EPE TIG Week: Seeing Global Interconnections and Trends by Michael Quinn Patton

I am Michael Quinn Patton, founder and director of Utilization-Focused Evaluation, and author of Blue Marble Evaluation: Premises and Principles. In 1972, the first photo of the whole Earth from space became known as The Blue Marble, the home of all humans, seen for the first time without borders or boundaries, a whole Earth perspective.

Image of Earth from space

We humans are using our planet’s resources, and polluting and warming it, in ways that are unsustainable. Blue Marble evaluators enter the fray by providing ongoing feedback for adaptation and enhanced sustainability. The Blue Marble perspective means looking beyond nation-state boundaries and across sector and issue silos to connect the global and local, the human and ecological, the macro and the micro, the personal and societal, and the individual with humanity. Blue Marble Evaluation uses evaluative thinking and diverse methods to engage those trying to bring about global systems transformation. The first Blue Marble Evaluation principle expresses the importance of thinking globally, acting locally, and evaluating the interactions.

Hot Tip: Apply whole Earth, big picture thinking to all aspects of systems change and      evaluation.

Hot Tip: Integrate complex interconnections across levels, connecting the local and personal with the global, and vice versa. 

Hot Tip. A high-level function of evaluation is synthesis. Systems thinking supports synthesis by directing attention to interconnections, interrelationships, and interdependencies

Lessons Learned: Learning to see interconnections takes practice.

Practice: Here’s a chance to practice distinguishing the global signal relevant to you and yours as distinct from the worldwide chaos of noise, misinformation, and fake news.

How are these 22 global phenomena related to each other, to your local context, to you, and, ultimately, to our collective future? What are the interconnections, interrelationships, and interdependencies?

1. Coronavirus pandemic

2. Refugee crisis (50 million, since World War II)

3. Devastating Australian wildfires.

4. Melting glaciers in the Arctic and Antarctic poles

5. Widespread locust devastation in eastern and southern Africa.

6. The political crisis in Venezuela.

7. The world’s richest 1% with more than twice as much wealth as 6.9 billion people combined. (Oxfam International)

8. Two-thirds of everything we take from the Earth becomes waste. (National Geographic)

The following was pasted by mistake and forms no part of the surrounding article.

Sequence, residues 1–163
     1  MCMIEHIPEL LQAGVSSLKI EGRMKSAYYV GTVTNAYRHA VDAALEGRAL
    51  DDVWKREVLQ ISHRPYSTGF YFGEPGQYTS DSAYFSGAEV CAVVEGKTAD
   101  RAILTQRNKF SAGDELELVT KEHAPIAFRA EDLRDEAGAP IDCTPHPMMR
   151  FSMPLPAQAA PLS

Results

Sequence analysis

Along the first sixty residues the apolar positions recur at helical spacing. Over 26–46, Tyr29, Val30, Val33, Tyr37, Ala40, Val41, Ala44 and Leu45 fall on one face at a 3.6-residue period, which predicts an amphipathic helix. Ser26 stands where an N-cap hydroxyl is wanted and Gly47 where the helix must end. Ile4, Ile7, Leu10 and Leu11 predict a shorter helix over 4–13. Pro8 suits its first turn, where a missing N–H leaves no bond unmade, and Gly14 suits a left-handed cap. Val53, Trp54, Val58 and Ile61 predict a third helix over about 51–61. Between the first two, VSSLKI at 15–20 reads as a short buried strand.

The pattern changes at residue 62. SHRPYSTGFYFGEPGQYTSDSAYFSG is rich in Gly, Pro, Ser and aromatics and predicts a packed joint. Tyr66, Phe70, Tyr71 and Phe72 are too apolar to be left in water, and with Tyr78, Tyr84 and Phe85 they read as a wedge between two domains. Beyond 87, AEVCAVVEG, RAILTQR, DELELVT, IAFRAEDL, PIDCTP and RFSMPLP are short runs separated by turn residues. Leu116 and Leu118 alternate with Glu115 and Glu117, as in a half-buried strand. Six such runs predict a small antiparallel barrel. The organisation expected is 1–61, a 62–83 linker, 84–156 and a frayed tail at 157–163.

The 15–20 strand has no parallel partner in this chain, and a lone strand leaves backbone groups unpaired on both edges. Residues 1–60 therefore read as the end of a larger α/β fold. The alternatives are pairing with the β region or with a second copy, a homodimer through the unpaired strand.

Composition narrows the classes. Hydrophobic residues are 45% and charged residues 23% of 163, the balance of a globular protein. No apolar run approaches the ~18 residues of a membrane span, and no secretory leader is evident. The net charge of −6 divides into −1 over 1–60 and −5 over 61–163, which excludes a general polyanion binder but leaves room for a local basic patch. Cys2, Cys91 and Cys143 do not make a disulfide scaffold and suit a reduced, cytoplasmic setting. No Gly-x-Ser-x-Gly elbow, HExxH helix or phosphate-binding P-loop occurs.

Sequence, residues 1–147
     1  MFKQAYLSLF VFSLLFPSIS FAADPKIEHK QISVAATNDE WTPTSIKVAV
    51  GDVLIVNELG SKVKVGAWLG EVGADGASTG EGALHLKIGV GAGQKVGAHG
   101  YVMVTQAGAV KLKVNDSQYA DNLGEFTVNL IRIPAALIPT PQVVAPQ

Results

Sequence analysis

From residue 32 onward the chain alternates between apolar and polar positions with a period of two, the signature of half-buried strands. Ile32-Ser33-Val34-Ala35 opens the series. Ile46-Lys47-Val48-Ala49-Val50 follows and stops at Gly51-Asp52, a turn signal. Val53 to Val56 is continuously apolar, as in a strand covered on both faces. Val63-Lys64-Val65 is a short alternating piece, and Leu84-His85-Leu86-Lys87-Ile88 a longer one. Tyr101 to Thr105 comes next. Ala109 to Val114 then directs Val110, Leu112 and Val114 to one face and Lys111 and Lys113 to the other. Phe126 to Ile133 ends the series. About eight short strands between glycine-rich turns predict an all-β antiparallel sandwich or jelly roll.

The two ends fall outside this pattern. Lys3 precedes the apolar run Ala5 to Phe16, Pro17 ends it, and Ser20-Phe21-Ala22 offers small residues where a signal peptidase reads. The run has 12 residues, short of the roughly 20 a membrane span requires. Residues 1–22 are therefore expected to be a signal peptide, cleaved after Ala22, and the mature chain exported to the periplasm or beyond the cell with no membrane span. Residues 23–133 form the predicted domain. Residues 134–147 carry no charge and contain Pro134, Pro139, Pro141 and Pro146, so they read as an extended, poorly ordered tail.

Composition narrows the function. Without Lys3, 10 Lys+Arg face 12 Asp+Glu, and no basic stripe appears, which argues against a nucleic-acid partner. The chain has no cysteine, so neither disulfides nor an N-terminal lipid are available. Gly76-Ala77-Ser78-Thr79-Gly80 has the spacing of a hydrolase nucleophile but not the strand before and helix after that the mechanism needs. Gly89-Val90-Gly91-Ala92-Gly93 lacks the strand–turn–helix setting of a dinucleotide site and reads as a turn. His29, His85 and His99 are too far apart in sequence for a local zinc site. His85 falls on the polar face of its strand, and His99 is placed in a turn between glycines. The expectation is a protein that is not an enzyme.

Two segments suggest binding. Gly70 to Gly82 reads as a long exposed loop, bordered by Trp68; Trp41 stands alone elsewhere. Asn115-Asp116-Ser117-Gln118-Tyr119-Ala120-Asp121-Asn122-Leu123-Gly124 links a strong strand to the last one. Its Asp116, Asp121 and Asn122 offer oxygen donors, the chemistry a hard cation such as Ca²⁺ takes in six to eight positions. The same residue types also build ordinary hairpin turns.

9. Increased cyber-terrorism

10. Pollution of land, air, and oceans.

11. Massive ecosystem loss in the Amazon.

12. More than 800 million people chronically undernourished.

13. Increases in white supremacy and nationalist movements

14. Widespread plastic contamination of oceans, lakes, and rivers

15. Massive species extinction (WWF)

16. More severe weather and intense storms.

17. Major water shortages affecting millions.

18. The world population increased from 1 billion in 1800 to 7.7 billion today, increasing by 90 million each year.  

19. The point of no return on global warming is around 2030: No country is meetings its carbon reduction target. (United Nations)

20. Increased threat from nuclear weapons. (Atomic Scientists)

21. Global economic turbulence

22. Add your own trend to the list

Think systemically. What are the interconnections, interrelationships, and interdependencies among these trends?

Think globally, act locally, and evaluate the interactions.

Rad Resource: See the book Blue Marble Evaluation: Premises and Principles

Blue Marble Evaluation book cover

Rad Resource: Blue Marble Evaluation website

The American Evaluation Association is celebrating Environmental Program Evaluation TIG Week with our colleagues in the Environmental Program Evaluation Topical Interest Group. The contributions all this week to aea365 come from our EPE TIG members. Do you have questions, concerns, kudos, or content to extend this aea365 contribution? Please add them in the comments section for this post on the aea365 webpage so that we may enrich our community of practice. Would you like to submit an aea365 Tip? Please send a note of interest to aea365@eval.org. aea365 is sponsored by the American Evaluation Association and provides a Tip-a-Day by and for evaluators.

Leave a Comment

Your email address will not be published.

This site uses Akismet to reduce spam. Learn how your comment data is processed.